Thursday 9 November 2023

Do people care more for dogs or cats? Recent research puts this age-old question into focus


It’s a debate as old as time – dogs versus cats – and how much their owners care for them.

Are people really either a ‘dog’ or cat’ person? Do they have to be different, and must they be one or the other?

Now new research published in Psychology Today sheds light on owners’ attitudes and devotion to their beloved companions, investigating whether dog or cat owners have a stronger emotional attachment for their respective pets.

A difficult thing to determine, you would think, as it would be based on loyalty, devotion and love for the companion animal. However the study quantified it by asking how much an owner would be prepared to spend on their dog or cat on life-saving veterinary care, should it be needed.

Owners, were asked “if your pet had a life-threatening problem and could be saved by a medical procedure, what would you be willing to pay for treatment?’. 

The amount dog owners were prepared to spend was approximately double that of cat-owners on cats!

However, certain factors need to be considered...

For example, dogs, on average, are taken to the vet twice as often as cats, and are more likely to receive preventative care such as vaccinations and dental treatment. This could show that dog owners are more used to the financial demands of ownership, and therefore more willing to accept that they will pay more for an emergency medical procedure.

Many owners of both dogs and cats have medical insurance, and this is also likely to affect their answer.

Dogs can also be ‘high maintenance’, with owners willing to pay for regular grooming and in some cases day care for walking or drop in visits for their dog. Cats, on the other hand, are usually more ‘low maintenance’, can be groomed by the owner or groom themselves, and being more independent, can be left without company for longer periods.

Whilst the findings are interesting, it is hard to accept that simply because dog owners are willing to spend more on emergency care, it means they are more devoted to their animal companion.

Many cat owners are utterly devoted to their pets, and will do whatever is necessary for them if needed. As a lifelong cat owner, I can certainly vouch for this. The bond that a cat and its owner has is every bit as special as dog and owner. Cats are sometimes more selective about who they give affection to, so to be ‘chosen’ by a cat is indeed special. Cat owners are more likely to have more than one pet, too.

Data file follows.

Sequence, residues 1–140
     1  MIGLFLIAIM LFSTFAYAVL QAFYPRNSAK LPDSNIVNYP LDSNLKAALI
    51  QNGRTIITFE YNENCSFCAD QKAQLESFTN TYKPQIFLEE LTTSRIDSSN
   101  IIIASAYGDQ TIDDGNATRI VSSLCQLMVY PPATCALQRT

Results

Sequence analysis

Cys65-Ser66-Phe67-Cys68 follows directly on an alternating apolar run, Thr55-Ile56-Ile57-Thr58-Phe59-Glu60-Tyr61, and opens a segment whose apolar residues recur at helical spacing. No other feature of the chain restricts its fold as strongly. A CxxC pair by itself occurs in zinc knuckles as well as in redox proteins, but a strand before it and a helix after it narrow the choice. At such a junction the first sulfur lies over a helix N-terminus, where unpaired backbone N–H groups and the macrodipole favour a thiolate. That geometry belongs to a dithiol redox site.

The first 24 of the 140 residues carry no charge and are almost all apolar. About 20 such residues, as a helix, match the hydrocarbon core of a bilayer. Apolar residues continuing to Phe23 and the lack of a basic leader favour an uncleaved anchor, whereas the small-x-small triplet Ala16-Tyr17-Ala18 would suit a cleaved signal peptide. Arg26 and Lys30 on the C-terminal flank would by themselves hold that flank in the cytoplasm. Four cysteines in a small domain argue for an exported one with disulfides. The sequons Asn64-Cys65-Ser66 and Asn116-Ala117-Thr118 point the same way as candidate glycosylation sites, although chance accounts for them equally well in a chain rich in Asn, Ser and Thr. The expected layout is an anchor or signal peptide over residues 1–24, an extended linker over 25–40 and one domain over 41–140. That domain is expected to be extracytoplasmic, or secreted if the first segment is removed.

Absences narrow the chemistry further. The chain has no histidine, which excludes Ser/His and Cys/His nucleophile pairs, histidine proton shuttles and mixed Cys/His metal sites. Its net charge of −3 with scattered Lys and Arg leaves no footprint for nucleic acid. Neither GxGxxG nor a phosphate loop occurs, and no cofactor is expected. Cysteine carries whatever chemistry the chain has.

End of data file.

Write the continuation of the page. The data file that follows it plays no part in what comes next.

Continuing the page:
Many people have both cats and dogs (or have owned both but not simultaneously) and love them equally. Those who have both would be unlikely to prioritise one over the other, as they are all part of the family.

So, whilst the research produced interesting findings, it is difficult to quantify by money alone how devoted owners are to their animals. The bond between any good owner and companion, no matter what species or breed, is priceless.

Thursday 28 September 2023

Greyhound racing - dogs deserve better than to be put at risk in the name of 'sport'

A night at the dogs… a traditional evening of eating, drinking, maybe a little wager on a winner, watching excited greyhounds chase round a track after an artificial prey that they never catch.

Fun? Or cruel, exploitative and potentially fatal for the Greyhounds?

There are only 10 countries in the world where Greyhound racing takes place legally, and four of those are in the UK. It is a minority interest activity, with research showing that 91% of the British public don’t follow or participate in Greyhound racing (source YouGov poll).

So it would seem that only a few people enjoy a ‘sport’ that causes thousands of injuries to the dogs that are bred for racing and have no choice but to participate (22,284 from 2018 to 2022). Sadly there are many fatalities too: in fact, 2,392 in the same time period. The average age of a racing Greyhound is 2-3 years.

Greyhounds are sighthounds – a type of hound with amazing vision, bred to run fast and with a hunting instinct, so it would seem that they are naturally adapted to racing. However, there is nothing natural about running on a curved track at speed, in close proximity to up to five other dogs. The conditions are inherently dangerous, as running on a curve puts unnecessary pressure on their bodies meaning a high risk of injury to their left fore-leg and right hind-leg. With the curve of the track and the uneven forces on their bodies as they run at up to 45mph, the dogs have no option but to slow down or run wider on bends, and this can cause fatal collisions to happen. A study in New Zealand found that 68% of injuries and 75% of fatalities occurred on or approaching the first bend of the track. Some tracks have moved to using sand instead of grass to increase running speed even more.

Greyhounds enjoying energetic play

Greyhounds are by nature gentle and make good family pets when correctly socialised. However, concerns remain around the conditions that racing Greyhounds are kept in from puppyhood. Their kennelling, care standards, lack of socialisation and exercise may all be inadequate. Dogs are only suitable to race for a limited time, then as they age they became superfluous and require rehoming, rehabilitation and medical treatment. Many do not receive this and are inhumanely destroyed.